But the news for Powder River Basin coal is not all bleak. Burgeoning demand and very high prices for coal in coastal Asia have seized the attention of Powder River Basin coal mines. That coal is the closest major American coal field to Asia. If coal companies can get coal ports built on the West coast, they can refocus their business plans on sending coal west to Asia rather than east to declining U.S. domestic markets.
These changed market circumstances raise the question of the appropriate price that the Federal Government should charge Powder River Basin coal miners for the right to develop additional quantities of that coal. If this coal is going to be shipped to China to help the Chinese meet their energy needs, while the resulting pollution blows back to the Western United States and greenhouse gas emissions and climate change grow, what is the point of giving this coal away at below market value?
Coal mining companies have been in the process of seeking to lease much more coal in the Powder River Basin, something that would seem inexplicable given the current weak domestic coal demand and low coal prices. The coal companies almost certainly have their eye on Asian markets and want to tie up as much coal as possible so that they can both continue to serve existing U.S. customers and enter the Asian export market. Now might be just the right time to try to purchase those leases cheaply, when the domestic market is depressed and conventional analysis would suggest that the value of that coal was low. That, of course, is also exactly what a rational owner of the coal would seek to avoid, namely selling the coal in a down market so that the buyers can increase their profits from accessing the much higher priced Asian markets.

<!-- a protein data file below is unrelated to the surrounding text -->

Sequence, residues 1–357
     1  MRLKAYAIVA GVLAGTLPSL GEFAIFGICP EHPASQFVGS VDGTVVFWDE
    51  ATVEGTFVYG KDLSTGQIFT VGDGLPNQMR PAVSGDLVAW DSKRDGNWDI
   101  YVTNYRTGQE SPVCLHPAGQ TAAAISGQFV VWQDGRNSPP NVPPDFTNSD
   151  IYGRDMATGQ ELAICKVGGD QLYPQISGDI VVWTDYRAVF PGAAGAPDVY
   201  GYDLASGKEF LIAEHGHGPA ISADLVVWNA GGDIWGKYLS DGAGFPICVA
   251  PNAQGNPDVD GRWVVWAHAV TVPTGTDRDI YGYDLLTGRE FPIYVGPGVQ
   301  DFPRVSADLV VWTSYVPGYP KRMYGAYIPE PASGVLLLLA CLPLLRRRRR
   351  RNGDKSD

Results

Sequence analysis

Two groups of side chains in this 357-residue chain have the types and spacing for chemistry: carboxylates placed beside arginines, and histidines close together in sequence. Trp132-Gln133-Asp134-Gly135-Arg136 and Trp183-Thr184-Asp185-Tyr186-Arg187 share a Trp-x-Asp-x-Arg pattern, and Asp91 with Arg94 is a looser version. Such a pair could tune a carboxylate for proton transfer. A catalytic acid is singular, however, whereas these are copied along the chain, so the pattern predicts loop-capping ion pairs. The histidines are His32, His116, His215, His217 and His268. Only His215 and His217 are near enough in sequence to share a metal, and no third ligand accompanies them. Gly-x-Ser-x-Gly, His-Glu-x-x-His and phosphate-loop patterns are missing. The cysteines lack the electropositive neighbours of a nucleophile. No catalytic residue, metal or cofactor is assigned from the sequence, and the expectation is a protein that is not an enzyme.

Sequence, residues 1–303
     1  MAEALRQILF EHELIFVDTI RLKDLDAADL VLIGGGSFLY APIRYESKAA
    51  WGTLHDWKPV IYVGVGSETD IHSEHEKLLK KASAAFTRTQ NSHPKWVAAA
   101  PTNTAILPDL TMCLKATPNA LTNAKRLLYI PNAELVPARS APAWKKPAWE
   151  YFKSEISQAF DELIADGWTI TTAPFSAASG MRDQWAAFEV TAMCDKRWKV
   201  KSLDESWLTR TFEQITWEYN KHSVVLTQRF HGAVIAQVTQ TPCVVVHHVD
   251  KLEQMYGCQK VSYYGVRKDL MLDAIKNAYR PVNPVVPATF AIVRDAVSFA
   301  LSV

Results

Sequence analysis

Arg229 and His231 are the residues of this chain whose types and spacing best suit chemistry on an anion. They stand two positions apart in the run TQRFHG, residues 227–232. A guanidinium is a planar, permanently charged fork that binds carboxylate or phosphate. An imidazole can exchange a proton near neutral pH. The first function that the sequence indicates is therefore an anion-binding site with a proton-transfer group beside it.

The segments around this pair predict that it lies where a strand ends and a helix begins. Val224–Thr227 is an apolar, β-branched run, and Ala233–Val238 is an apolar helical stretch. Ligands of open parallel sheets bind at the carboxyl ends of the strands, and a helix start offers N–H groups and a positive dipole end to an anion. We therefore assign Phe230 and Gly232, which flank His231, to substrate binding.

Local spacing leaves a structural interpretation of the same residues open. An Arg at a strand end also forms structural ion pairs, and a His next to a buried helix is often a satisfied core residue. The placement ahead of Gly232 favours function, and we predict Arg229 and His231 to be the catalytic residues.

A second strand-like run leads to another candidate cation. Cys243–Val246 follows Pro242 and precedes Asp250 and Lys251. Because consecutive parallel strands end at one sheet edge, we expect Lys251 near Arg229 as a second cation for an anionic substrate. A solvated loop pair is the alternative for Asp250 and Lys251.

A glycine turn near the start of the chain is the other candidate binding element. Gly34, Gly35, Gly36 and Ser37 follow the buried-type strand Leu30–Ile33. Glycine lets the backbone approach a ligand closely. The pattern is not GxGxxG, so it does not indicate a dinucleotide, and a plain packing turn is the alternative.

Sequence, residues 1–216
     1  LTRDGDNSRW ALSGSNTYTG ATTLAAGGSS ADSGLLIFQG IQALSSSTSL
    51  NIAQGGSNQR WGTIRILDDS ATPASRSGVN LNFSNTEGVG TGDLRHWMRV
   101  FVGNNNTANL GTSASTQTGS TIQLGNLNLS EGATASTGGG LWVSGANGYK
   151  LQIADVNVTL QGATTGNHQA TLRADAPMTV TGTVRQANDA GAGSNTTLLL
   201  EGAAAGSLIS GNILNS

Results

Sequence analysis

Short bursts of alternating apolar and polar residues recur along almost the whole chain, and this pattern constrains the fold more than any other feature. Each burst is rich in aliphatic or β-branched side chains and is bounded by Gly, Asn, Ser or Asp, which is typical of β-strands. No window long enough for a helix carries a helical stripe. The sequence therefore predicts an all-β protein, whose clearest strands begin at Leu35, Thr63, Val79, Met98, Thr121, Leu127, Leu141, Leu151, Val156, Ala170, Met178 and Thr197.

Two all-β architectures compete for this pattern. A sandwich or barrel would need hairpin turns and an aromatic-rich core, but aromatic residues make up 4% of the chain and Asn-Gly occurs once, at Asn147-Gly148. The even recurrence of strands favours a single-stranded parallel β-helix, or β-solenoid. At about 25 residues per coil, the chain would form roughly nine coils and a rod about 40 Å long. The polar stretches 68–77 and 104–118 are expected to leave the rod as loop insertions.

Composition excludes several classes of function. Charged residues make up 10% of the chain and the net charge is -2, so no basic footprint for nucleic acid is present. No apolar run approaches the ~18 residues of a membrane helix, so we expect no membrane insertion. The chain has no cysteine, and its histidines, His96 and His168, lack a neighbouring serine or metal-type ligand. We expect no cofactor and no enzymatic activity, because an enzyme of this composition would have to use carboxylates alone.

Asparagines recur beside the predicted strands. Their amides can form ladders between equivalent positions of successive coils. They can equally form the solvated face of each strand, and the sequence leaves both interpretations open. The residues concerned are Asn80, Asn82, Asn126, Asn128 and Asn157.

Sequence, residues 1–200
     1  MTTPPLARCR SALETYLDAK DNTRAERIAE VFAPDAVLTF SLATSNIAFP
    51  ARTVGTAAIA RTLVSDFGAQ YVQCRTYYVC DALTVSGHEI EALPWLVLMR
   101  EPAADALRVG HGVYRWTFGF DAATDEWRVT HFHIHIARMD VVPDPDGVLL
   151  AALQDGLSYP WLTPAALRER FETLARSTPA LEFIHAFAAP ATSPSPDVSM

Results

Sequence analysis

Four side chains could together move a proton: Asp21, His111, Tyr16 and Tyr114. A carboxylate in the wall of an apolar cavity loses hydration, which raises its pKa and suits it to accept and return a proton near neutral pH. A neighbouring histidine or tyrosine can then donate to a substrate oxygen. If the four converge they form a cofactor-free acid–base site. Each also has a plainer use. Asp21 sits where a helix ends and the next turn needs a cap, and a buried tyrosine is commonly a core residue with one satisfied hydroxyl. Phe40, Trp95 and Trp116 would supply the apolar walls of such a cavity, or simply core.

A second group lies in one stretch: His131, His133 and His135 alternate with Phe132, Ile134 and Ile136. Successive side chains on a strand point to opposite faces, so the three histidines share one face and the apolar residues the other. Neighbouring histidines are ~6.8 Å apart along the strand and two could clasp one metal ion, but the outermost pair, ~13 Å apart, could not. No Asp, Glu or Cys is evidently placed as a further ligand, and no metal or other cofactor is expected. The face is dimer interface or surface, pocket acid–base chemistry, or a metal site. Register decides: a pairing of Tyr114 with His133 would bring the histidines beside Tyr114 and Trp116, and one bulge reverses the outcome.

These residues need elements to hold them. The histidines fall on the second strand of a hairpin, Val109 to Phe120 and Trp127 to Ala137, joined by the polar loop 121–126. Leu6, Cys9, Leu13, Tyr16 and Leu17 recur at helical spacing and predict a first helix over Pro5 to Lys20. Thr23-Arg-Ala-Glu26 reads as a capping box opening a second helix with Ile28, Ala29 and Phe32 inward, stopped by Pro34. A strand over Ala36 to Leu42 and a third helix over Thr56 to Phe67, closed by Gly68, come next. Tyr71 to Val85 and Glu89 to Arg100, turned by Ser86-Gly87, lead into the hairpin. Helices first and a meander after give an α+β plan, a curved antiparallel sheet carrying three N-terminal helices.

The Federal Government should call a timeout, declaring a moratorium on leasing more Powder River Basin coal. It should use that time to carefully evaluate the new shape of the market for that coal. If it is exports of coal to Asia that is going to be driving that market, the Federal Government needs to significantly increase its estimate of the fair market value of those leases and reject all lease applications that do not offer to pay at least that much. Given the past history of federal land management agencies underestimating the value of natural resources and entering into sweetheart deals with mineral developers, the Federal Government should bring in outside experts to conduct that market analysis.
There is no plausible justification for the American people to subsidize the mining of Powder River Basin coal if it is headed for export markets while leaving behind serious environmental problems and creating new environmental problems when it is burned.